In those days, most women who were enthusiastic about the making of a new nation had to get permission from their fathers or husbands before even venturing out of their homes. They relied upon senior women like Lady Rahiman Ariff, whose forward-thinking husband, Federal Legislative Councillor Dr Sir Kamil Ariff, encouraged her to take part in Malay women’s welfare.
In September 1945, the first registered Malay women’s association in Penang, the Penang Malay Women’s League, held its inaugural meeting in Rahiman’s kitchen. The League’s purpose was simple – to provide aid to Malay women who were suffering after the Japanese Occupation.
Datuk Zubaidah Ariff, former chairman of the Penang Women’s Institute (WI) and Rahiman’s daughter-in-law, remembers having to convince husbands to let their wives join the league and later the WI and Wanita Umno as well.
Such political awareness quickly led to a wider public role. Activism in social welfare developed into national political movements. Although their main activities had to do with providing welfare services, some of these early leaders rose to the challenge of national independence.
Datuk Halimahton Abdul Majid, for example, headed the Negri Sembilan Kaum Ibu section of Umno (later Wanita Umno) in 1949 and went on to become the first elected woman member of the 1955 Federal Legislative Council.
In the 1940s, Malaysia’s pioneer female leaders were also inspired by examples from India and Indonesia. Puan Sri Janaky Athi Nahappan, for example, joined the Indian Congress Medical Mission in Malaya and visited rubber estates throughout the country.
This experience made her aware of the need for some political organisation within the Indian population. In 1946, she helped John Thivy to establish the Malayan Indian Congress, which saw Thivy as its first president.
At about the same time, Khatijah Sidek, then a young firebrand nationalist from Indonesia, was fighting for Indonesian independence in her home province of Sumatra. By 1944, she was responsible for organising several anti-colonial movements, including Pertubuhan Parti Kesatria (Party of Warriors), a women’s volunteer party whose activities included supporting the armed struggle for independence.
Between 1946 and 1947, she made many trips to Singapore and Malaya to give talks to awaken nationalist feeling among the Malays. This ended in 1948 when she was jailed by the British.
Upon her release in 1950, she took her cause to Johor and emerged four years later as leader of Kaum Ibu Umno. As the Member of Parliament for Dungun in 1959, Khatijah became the first woman MP of the Pan-Malayan Islamic Party, later known as PAS.
While editing the London-based student magazine Suara Merdeka (Voice of Independence), Datuk P.G. Lim remembers thinking to herself: “India had become independent in 1947 and Indonesia had succeeded in her armed struggle against the Dutch, so why should Malaya not run her own affairs?”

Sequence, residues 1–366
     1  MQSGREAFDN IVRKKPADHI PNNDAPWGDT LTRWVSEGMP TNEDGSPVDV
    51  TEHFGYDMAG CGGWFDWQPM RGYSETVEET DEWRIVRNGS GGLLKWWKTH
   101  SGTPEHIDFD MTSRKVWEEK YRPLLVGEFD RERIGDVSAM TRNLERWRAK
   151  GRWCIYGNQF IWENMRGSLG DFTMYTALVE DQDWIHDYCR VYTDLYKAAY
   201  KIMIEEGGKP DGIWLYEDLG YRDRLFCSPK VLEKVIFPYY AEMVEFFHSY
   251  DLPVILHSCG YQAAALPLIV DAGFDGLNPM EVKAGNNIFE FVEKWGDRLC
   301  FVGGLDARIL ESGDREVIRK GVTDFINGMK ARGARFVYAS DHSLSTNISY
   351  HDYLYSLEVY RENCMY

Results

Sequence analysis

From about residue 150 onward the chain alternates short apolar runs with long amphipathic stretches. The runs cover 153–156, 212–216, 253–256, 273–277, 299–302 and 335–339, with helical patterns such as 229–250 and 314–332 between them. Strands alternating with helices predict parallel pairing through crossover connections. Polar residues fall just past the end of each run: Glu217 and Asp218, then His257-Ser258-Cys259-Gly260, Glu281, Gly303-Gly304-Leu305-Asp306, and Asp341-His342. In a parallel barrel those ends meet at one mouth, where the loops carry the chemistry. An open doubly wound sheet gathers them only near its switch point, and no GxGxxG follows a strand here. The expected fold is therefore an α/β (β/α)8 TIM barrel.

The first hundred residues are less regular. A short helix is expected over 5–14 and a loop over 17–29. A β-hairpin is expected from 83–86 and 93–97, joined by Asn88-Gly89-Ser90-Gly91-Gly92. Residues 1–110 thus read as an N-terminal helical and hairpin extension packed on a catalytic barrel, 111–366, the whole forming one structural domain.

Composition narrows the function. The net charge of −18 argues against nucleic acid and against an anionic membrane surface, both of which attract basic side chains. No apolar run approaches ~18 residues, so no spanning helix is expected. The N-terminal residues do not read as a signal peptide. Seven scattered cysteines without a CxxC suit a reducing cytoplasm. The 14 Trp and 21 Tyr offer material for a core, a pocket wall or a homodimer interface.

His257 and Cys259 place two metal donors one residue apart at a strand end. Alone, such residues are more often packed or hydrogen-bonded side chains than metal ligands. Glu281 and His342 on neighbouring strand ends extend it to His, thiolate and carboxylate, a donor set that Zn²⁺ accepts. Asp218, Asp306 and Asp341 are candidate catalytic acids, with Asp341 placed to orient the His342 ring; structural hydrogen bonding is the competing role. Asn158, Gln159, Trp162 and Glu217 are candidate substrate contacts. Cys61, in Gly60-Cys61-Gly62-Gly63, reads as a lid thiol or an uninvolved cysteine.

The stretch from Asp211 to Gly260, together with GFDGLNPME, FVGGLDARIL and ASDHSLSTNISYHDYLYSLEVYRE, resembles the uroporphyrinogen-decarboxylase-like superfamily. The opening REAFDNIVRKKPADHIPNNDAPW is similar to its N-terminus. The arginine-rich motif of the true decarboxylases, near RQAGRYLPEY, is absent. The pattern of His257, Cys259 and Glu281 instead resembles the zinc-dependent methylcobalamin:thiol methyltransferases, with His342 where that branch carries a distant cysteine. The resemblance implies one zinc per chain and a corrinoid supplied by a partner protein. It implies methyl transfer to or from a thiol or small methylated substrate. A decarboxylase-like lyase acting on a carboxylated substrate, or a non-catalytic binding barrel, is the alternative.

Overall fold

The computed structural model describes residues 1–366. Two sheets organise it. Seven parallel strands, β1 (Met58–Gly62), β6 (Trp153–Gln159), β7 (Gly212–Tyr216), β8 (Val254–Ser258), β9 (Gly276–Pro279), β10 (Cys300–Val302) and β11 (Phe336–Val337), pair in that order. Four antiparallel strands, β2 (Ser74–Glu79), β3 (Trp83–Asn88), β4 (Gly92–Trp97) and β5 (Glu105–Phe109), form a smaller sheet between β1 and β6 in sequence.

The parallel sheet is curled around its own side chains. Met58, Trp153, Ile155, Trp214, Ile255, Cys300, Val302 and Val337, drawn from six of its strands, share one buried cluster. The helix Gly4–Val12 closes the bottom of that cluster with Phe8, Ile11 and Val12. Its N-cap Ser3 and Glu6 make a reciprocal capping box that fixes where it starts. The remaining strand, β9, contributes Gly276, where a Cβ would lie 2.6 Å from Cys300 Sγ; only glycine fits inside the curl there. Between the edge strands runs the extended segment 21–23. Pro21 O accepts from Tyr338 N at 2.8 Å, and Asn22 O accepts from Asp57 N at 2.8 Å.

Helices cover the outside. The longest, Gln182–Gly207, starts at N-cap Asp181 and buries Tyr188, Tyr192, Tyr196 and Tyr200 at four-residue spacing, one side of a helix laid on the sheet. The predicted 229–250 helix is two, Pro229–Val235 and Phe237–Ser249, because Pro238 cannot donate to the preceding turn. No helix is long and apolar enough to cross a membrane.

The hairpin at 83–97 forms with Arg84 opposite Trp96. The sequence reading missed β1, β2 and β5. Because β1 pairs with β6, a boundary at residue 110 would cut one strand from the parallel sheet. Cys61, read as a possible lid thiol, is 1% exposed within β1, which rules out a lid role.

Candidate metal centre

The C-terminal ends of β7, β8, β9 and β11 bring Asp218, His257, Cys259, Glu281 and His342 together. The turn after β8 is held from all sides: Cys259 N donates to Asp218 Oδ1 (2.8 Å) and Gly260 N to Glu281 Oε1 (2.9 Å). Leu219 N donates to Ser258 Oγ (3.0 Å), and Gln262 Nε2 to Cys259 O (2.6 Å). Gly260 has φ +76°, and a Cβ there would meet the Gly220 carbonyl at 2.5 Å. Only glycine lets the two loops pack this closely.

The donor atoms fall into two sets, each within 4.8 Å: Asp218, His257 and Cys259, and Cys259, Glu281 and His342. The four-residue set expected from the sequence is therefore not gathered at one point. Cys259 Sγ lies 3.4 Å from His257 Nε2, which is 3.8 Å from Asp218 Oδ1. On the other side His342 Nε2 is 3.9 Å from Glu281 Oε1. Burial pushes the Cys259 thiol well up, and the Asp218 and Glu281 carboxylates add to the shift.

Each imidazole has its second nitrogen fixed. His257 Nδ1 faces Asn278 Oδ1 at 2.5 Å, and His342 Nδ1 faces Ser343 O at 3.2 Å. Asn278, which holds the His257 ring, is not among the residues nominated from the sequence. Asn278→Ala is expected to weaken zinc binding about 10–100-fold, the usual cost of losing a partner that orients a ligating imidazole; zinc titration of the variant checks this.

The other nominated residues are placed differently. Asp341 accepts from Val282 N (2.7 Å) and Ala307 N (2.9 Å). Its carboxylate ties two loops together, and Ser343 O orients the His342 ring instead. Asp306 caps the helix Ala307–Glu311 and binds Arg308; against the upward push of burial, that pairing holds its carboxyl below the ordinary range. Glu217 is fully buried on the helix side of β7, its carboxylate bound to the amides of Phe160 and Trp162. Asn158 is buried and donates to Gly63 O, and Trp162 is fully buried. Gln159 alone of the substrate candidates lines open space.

Lim was then studying for her Bar exams after an illustrious academic career at Cambridge. Among other founding fathers of the nation, her circle of friends included two future prime ministers, Tunku Abdul Rahman and Tun Abdul Razak.
Suara Merdeka, started by Goh Keng Swee and Datuk Mohammad Sopiee Sheikh Ibrahim, was an intellectual forum where future Malayan leaders tested their ideas. They organised public lectures, inviting senior British administrators as well as MPs. Under Lim’s editorship, gender equality came boldly into the picture.
Lim found it difficult to get the wives of these mature Malayan students to participate. Conservative traditions restricted women to cooking and serving their husbands. They voluntarily kept out of public affairs.
For these early women activists, independence meant a change in the way they thought about themselves. They had to lift “the veil of conservatism,” as the Straits Echo reported on the 1952 PMWL’s charity show featuring Malay women on stage for the first time. For Toh Puan Umasundari Sambanthan, lifting the veil meant making rural women aware of the benefits of Malayan citizenship. Her lifelong battle has been to bring uneducated rubber-tappers into mainstream national life.
In the 1950s, this meant getting Indian women to sign up as citizens. Mrs Oon and Lim did the same for the Chinese community.
At crucial moments, these women leaders rose to the occasion. Mrs F.R. Bhupalan joined the Rani of Jhansi regiment, the women’s wing of the Indian National Army, to fight the British. Ibu Zain (Tan Sri Zainun Sulaiman) bravely took the lead when it came to national politics, galvanising Malay women during Umno’s early years to support the cause of national self-determination.
Mrs Oon galvanised Chinese support for independence despite threats on her life from communist guerillas. Lim spearheaded the intellectual and legal battle for self-government.
Datin Puteh Mariah Abdul Majid headed Umno’s Kaum Ibu Kuala Lumpur division during the historic 1952 alliance between Umno and the MCA. Some time later, Tan Sri Rosemary Chong set up Wanita MCA, giving Chinese women a political platform.
But the contribution of women to national independence was more than merely politics or women’s emancipation. They fought for freedom based on the idea that people should be treated equally regardless of their gender, ethnicity or religion.